Visual Arts Development: Approaches, Strategies and Case Studies centred on the Northern Region of England 1974-2010.
Davies, Peter (2012) Visual Arts Development: Approaches, Strategies and Case Studies centred on the Northern Region of England 1974-2010. Professional Doctorate thesis, University of Sunderland.
The nature and form of public funding for the visual arts is investigated, specifically as it relates to the artist and exhibition. From a regional perspective in the field the study evaluates development seeking to find the most effective ways to support the artist, facilitate new work and enable public engagements. The study is as much about my contribution to the visual arts in the north - as it is a distinctive narrative history. Focus is given to projects, applied ideas and issues to which I contributed.
My earlier experiences of lecturing in Chicago and being an artist in Wales influenced my thinking and work at Northern Arts (1974-1992). An innovative artists’ support model was created, with a network of schemes, programmes and organisations. Artists’ rights, the crafts and market place initiatives were developed. Gallery, production facilities and services were improved. Direct exhibition provision was ended; independent trusts were supported. Exhibition outside the gallery was explored through residencies, sited commissions and different forms of public art, which underpinned the region’s award of ‘UK Year of Visual Arts’ 1996.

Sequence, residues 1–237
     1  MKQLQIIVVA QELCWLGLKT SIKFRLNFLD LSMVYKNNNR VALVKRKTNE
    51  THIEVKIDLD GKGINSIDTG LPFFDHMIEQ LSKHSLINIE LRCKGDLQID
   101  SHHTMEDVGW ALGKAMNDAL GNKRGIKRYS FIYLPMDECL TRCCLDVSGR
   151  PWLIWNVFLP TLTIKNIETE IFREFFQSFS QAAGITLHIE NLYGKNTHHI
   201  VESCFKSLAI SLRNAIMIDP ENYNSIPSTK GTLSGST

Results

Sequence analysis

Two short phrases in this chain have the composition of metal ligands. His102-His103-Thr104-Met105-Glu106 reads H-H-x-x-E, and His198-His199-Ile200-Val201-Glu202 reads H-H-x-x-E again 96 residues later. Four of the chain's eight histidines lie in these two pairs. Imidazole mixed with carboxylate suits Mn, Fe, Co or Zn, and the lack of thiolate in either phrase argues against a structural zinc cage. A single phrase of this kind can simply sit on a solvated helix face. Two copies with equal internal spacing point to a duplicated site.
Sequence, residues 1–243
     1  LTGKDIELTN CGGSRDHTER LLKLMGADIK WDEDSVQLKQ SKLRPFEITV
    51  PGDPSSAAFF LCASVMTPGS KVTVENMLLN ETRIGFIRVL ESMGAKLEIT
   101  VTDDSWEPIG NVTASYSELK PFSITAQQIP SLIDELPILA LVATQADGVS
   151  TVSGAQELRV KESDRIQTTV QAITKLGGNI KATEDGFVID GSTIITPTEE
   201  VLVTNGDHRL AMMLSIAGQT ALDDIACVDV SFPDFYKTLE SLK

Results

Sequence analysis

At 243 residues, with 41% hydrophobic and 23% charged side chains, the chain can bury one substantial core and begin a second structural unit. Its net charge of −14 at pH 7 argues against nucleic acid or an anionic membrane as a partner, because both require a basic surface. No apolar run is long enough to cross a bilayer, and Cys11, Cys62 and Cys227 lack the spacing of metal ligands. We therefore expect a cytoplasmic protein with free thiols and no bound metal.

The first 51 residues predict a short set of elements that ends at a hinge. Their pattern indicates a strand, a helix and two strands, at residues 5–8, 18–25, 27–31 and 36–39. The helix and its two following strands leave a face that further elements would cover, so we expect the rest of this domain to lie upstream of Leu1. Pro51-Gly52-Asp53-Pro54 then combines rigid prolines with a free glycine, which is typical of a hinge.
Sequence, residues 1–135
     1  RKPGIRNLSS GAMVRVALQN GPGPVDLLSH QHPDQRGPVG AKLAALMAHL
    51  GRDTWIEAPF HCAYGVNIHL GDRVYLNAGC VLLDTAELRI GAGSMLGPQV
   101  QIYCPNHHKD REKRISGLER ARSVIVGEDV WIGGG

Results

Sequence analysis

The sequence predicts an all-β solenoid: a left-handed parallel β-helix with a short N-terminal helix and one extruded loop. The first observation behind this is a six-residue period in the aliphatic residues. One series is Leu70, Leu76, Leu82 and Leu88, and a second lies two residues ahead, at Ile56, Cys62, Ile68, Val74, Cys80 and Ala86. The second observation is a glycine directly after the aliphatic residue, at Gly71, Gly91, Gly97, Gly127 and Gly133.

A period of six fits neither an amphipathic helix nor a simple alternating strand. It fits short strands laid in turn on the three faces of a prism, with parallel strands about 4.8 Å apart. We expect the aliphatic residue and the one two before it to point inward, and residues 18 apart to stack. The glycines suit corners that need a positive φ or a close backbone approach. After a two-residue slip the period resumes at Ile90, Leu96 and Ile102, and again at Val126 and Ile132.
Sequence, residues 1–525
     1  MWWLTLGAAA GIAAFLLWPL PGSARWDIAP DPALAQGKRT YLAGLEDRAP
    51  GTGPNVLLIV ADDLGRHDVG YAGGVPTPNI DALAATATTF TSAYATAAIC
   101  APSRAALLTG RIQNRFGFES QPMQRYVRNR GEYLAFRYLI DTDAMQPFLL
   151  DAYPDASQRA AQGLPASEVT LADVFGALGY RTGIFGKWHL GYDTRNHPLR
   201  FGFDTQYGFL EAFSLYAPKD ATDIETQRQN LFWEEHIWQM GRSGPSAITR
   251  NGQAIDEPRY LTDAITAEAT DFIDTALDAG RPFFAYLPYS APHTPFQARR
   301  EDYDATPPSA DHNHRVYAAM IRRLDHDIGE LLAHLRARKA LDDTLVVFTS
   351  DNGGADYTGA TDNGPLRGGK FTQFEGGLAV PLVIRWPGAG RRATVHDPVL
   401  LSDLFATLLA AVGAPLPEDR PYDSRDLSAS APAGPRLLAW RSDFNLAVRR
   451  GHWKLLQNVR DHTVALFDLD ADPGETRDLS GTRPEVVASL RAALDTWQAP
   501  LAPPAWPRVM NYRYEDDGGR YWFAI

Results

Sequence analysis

‘Win–Win–Win’ situations and creative learning environments were sought where the artist, the host and the public benefit. Changing contexts and workbased roles, as an art consultant (1993-2003) and academic (2000-2010) enabled new ideas, opportunities and insights. Alongside the core funded national and local art galleries and organisations, or the private/commercially driven galleries and concerns the ‘third way’ of visual arts development through a higher education platform is assessed. At the University of Sunderland this enterprise was addressed through research, glass education, knowledge transfer and the National Glass Centre. Working approaches and strategies used to develop support are offered as transferable development practices. Evolution and my contribution are evidenced over four decades to extending art practice, widening exhibition and artists’ support.
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